Nadia Verrua’s family have been making wines in the hills of Monferrato in the province of Asti for over a century. She works with Barbera. Grignolino & Ruché, the latter two being indigenous varietals not well known outside of that region, but with characteristics that deserve attention. She vinifies these grapes in separate cuvees like her excellent Bandita, but every year also makes a blend, which changes every vintage, this year being simply Barbera and Ruché. This is the wine they used to keep for themselves, for friends, family and being the house wine at Nadia's husbands restaurant. Thankfully Tutto Wines persuaded them to bottle it and now we buy as much as we can.
Vino Rosso is a bright, young juicy wine brimming with fruit and energy, it's one of our favourite table wines, a great all-rounder with food and has become very popular in Llanarthne. This is the last we'll get of this vintage, so enjoy it while you can...
Nadia's grignolino is also used in another drink we sell, the incredible vini aromatizzati of Mauro Vergano, who is also her uncle in law.
Mauro has spent most of his life as a chemist, developing flavours and aromas and these skills are evident in his vermouth, chinati & other creations. He's been making these drinks for a while but when he retired he went pro (still in very small quantities.) One major difference to bigger producers of vermouth is the base wines he uses, which are from natural producers like Nadia for the Americano and Stefano Bellotti's cortese for his white vermouth. The subtleties and depth of his drinks are unmatched and it takes real skill to balance this amount of ingredients in one drink.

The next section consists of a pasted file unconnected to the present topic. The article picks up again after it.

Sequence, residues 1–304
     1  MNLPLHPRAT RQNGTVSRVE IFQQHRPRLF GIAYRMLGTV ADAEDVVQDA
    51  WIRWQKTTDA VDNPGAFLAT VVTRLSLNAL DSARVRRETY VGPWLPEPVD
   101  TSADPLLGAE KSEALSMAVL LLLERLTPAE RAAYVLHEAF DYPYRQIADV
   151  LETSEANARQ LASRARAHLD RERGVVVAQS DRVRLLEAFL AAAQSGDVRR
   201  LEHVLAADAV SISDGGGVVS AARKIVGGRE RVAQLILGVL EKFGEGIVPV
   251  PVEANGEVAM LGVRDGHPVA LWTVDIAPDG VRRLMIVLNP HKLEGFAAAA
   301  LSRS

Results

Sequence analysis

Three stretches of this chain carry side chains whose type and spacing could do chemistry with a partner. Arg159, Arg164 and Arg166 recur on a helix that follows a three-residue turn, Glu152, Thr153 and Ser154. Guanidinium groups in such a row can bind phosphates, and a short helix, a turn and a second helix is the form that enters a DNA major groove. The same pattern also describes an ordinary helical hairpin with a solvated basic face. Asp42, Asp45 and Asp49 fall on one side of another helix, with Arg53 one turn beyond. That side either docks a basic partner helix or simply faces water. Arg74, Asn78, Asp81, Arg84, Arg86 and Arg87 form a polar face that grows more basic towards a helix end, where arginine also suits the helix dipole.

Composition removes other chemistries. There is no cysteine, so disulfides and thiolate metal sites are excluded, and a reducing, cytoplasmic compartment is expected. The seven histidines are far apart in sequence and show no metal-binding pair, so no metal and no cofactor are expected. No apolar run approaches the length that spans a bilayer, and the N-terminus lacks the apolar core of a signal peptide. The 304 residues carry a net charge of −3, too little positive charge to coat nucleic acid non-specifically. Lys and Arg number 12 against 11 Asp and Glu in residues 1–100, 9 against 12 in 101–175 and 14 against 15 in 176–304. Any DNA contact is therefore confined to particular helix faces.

In his Americano, his version of a traditional bitter aperitif, (you may have seen Cocchi Americano in cocktail bars) uses Nadia's Grignolino as a base which is blended with raw alcohol, sugar, wormwood, bitter orange, chinotto and a bunch of dried wild herbs amongst other things. It's delicious on it's own, just with ice, or mixed into cocktails. But we serve it like Mauro did for us at the Real Wine Fair last year, over ice with a splash of soda and some orange rind. Simple and delicious.
If you want to read more about Mauro, check out this great visit and interview on the Louis/Dressner site.
Here's a highlight from it:
L/D: You source your grapes from winemakers many would consider as "natural wine" producers. What's your take on the ongoing debate on natural wine?
Mauro: In my opinion, natural wine is actually a wine that is as "simple" as possible.
"Simple" because it doesn't contain any of the elements that, firstly in the vineyard and then in the cellar, would make it heavier and more complicated.
"Simple" because its fragrance and taste are different from the ones that technologically and
scientifically cutting-edge growing and wine-making tend to standardize.
"Simple" because it changes from area to area, from vine-type to vine-type, from year to year and from producer to producer.
"Simple" because it respects the environment and is healthier for those who drink it.
"Simple" because drinking natural wines is a more moving experience: they are full of flavors and
fragrances, more easily digested and never "heavy".
"Simple" because natural wine expresses itself more freely, more finely. It is more alive, it has a
stronger bond to the area it comes from and of which it is the expression.
And in conclusion,
"Not simple" because in order to choose a natural wine, you have to go beyond a mere tasting; you have to get into how the individual producer actually works. I must say that it has been easy for me to work side-by-side with them because I have been fortunate to meet, get to know and appreciate the wine-makers first and the wines second. Once you have taken that step there is no turning back.